The tactics are different. Arguments can be full-on war, verbal brutality, although this usually doesn't result in much more than shutting up the opposition. That's a short-sighted way to fight, for reasons that will become obvious in a moment. Debates, meanwhile, require finesse to win, because you have to be likable and relatable to pull in an audience. Both are competitive, but in the case of a one-on-one, your purpose is more nakedly antagonistic. With debates, you must look more like you're interested in "the truth", as investigating by opening yourself up to criticism. You have to promote a notion of yourself and your position as desirable, far more than promoting it as logical.

Both debate and argument are confrontational, but debate operates on more of a "market" mechanism. You are selling your ideas, convincing others of their value. As markets tend to do, this helps boil them down to effective size and refine them into something usable and high-impact, as no one becomes convinced by watery, unfocused presentation. The idea market makes thought more efficient, then, and this is reflected in language.

I have my own problems with this, I know, but after long exposure to academia, argument is more like war to me than sales. I've been trained to over-argue rather than under-argue for fear of missing points and leaving entire avenues open to approach. I might not inspire anyone, but my arguments are much more airtight than most of what everyone else is doing. I've had to loosen up to write online, as everything I publish would be book-length if I felt a greater need to be unassailable.


Of course, objective truth-seeking is not the goal. In this entire understanding of human conversation, truth-seeking is never the goal. And how can it be? What truth would we be talking about here? Divide up the types of conversation again: you have agreeable conversation in which there is no disagreement, then there's argument, and there's debate. The first does not challenge, the latter two challenge for the sake of winning and not for finding truth. Where would truth come in to a subjective disagreement?

Conversation, argument, debate, are all about one thing: the domination of a point of view.

You share a perspective, or you don't. People who agree share a perspective. Those who don't just don't, and you can't have that, given that the bastard might run around spreading his bullshit over your "truth". So it has to be resolved, and suddenly, you are in a fight and words are your weapons, the swords that clash and take apart the enemy perspective, limb from limb.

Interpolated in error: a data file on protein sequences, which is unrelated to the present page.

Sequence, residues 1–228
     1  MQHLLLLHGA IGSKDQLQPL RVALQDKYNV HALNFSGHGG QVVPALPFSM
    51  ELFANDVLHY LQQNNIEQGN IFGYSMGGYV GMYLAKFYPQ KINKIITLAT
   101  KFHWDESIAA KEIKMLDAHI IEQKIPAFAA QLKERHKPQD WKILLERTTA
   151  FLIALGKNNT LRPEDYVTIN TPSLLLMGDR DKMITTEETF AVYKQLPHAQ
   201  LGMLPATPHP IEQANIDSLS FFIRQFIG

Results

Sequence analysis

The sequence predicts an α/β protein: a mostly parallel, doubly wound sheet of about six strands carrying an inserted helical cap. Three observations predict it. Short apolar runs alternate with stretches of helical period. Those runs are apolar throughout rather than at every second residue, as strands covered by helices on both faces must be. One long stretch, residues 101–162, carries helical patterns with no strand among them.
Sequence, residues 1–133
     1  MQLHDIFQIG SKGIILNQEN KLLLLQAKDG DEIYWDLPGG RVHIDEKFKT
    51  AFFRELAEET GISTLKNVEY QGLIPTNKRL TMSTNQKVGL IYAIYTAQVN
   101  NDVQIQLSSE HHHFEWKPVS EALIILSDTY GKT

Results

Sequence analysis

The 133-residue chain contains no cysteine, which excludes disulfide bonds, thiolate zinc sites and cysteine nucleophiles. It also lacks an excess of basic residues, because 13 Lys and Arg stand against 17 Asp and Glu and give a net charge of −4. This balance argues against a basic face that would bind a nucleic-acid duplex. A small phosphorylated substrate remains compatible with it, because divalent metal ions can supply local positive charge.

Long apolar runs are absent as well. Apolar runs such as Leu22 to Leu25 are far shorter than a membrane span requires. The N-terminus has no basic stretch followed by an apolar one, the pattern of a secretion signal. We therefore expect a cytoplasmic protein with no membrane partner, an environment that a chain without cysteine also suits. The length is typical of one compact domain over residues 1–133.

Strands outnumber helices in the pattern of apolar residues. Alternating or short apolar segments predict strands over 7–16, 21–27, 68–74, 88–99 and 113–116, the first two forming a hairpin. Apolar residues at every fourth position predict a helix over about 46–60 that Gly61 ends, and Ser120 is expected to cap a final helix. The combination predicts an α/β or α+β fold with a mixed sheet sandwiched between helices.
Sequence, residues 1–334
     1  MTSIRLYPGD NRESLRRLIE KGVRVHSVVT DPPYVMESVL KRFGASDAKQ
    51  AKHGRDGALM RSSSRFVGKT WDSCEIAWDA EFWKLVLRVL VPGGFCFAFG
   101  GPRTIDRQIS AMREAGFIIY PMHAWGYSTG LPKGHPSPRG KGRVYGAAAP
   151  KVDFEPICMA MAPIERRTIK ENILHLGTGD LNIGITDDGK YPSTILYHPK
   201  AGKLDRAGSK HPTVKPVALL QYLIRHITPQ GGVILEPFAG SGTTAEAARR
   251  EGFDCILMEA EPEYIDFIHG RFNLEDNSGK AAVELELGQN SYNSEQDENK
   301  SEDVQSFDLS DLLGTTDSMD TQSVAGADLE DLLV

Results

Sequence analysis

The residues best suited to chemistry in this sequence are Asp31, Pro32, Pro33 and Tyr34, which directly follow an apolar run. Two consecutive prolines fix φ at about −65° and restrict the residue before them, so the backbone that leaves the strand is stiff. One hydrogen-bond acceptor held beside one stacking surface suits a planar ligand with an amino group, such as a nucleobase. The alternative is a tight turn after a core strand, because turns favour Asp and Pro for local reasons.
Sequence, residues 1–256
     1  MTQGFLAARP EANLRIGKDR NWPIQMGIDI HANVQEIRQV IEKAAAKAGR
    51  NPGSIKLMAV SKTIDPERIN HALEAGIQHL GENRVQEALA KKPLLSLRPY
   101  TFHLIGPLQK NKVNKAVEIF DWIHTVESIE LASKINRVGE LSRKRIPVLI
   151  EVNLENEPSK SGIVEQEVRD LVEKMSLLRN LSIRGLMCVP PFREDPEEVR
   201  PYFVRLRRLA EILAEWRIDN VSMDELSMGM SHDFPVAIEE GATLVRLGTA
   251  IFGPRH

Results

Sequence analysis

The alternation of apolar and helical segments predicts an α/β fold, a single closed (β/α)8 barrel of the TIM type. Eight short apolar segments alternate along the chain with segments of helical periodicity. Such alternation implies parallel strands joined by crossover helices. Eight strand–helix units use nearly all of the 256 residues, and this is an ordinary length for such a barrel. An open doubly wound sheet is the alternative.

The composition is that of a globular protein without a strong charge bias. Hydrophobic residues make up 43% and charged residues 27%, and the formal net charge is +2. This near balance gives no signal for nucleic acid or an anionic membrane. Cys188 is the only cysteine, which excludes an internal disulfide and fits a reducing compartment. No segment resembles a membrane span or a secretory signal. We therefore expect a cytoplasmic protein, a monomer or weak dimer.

Men, in particular, approach argument and debate like an honorable fight. They get into it wanting tovalidly and respectably change your mind. They do not get into it for the purpose of destroying someone emotionally... unlike some other genders we will not discuss.

They want to sharpen the definitions of their words and use them to make precise, waste-free cuts against the enemy that brings about greater and greater understanding with each slice. They want to do so without cruelty, as eventually, their competitor may need to become their friend, in case of further attack. They need their respect. The arguments establish an implicit hierarchy, and a hierarchy does not function well within a context of absolute brutality. Productively winning an argument or debate is about bringing people on board.

Language binds by relaying ideas. When you win the war of defining words, then your words reflect ideas that establish the framework by which others think. The language is the legacy we pass down, the infrastructure of thought, and its resiliency depends on the relevance of its words in the long term. To have sharp, well-honed definitions to your words gives them longer-term, perpetual ability to cut through existence and define it down to the dimensions the wordsmith sees fit. A sharp sword is good for living, not just for fighting. 

But the problem with all this is that in a fight, the sharpest sword is not the most effective sword.
You want a BIG sword